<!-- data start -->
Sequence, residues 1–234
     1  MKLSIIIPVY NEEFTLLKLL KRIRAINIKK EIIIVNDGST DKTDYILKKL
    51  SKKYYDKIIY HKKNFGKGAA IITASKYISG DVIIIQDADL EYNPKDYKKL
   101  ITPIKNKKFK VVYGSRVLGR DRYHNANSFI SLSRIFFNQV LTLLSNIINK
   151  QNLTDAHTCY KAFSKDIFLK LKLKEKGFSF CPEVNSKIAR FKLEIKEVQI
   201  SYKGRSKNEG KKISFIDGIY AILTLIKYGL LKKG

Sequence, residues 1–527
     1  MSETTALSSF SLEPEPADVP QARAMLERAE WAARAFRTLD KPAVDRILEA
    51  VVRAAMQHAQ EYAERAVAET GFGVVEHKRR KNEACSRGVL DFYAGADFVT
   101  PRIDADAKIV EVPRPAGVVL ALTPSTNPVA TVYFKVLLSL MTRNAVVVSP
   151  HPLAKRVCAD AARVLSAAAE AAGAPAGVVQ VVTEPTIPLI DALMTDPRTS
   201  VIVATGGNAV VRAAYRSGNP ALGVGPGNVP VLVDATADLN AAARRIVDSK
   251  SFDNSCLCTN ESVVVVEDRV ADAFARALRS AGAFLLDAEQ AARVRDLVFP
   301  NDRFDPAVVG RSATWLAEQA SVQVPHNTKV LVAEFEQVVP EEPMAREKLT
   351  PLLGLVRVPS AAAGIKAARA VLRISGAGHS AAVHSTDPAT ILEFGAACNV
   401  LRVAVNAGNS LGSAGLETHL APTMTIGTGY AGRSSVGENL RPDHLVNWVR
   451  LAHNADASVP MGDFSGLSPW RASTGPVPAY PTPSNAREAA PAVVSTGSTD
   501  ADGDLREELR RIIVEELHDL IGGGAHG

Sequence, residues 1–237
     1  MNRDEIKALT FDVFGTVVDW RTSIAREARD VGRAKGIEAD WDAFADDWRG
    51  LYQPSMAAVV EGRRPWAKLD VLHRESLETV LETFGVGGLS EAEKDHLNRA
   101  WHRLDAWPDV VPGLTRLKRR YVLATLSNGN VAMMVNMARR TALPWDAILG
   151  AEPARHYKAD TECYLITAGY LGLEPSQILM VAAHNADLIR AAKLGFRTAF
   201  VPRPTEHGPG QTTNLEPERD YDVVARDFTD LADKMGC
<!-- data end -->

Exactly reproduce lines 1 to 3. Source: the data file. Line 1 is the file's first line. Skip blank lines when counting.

Sequence, residues 1–234
     1  MKLSIIIPVY NEEFTLLKLL KRIRAINIKK EIIIVNDGST DKTDYILKKL
    51  SKKYYDKIIY HKKNFGKGAA IITASKYISG DVIIIQDADL EYNPKDYKKL